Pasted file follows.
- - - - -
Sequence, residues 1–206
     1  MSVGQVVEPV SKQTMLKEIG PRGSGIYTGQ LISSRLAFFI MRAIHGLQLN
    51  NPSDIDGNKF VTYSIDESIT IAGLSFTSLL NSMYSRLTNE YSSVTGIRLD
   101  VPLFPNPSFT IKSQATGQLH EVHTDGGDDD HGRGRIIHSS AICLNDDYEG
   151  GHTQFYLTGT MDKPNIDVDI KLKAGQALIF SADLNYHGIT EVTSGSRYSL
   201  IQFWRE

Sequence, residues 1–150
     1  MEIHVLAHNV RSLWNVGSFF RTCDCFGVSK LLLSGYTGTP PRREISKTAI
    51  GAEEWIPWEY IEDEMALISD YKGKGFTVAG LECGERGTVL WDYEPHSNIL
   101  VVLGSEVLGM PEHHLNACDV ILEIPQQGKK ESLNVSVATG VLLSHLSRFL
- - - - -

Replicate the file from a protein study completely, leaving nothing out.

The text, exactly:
Sequence, residues 1–206
     1  MSVGQVVEPV SKQTMLKEIG PRGSGIYTGQ LISSRLAFFI MRAIHGLQLN
    51  NPSDIDGNKF VTYSIDESIT IAGLSFTSLL NSMYSRLTNE YSSVTGIRLD
   101  VPLFPNPSFT IKSQATGQLH EVHTDGGDDD HGRGRIIHSS AICLNDDYEG
   151  GHTQFYLTGT MDKPNIDVDI KLKAGQALIF SADLNYHGIT EVTSGSRYSL
   201  IQFWRE

Sequence, residues 1–150
     1  MEIHVLAHNV RSLWNVGSFF RTCDCFGVSK LLLSGYTGTP PRREISKTAI
    51  GAEEWIPWEY IEDEMALISD YKGKGFTVAG LECGERGTVL WDYEPHSNIL
   101  VVLGSEVLGM PEHHLNACDV ILEIPQQGKK ESLNVSVATG VLLSHLSRFL